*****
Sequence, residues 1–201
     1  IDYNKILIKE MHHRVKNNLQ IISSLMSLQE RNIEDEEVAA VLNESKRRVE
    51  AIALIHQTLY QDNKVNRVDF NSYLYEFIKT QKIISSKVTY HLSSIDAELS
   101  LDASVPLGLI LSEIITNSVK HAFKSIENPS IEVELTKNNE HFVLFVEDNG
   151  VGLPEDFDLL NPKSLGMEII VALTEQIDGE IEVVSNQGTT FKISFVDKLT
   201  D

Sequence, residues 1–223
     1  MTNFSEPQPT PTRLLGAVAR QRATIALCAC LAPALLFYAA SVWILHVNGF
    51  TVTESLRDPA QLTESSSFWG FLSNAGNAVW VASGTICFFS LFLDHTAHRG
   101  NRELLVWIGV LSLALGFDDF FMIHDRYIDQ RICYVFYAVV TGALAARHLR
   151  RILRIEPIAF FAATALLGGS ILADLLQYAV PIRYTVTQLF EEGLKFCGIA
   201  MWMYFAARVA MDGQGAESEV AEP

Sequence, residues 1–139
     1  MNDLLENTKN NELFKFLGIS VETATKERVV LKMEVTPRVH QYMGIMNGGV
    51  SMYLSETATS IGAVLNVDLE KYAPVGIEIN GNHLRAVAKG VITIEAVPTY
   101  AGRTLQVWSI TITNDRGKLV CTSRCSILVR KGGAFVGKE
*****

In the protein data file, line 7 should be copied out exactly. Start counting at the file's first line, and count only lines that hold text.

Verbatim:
Sequence, residues 1–223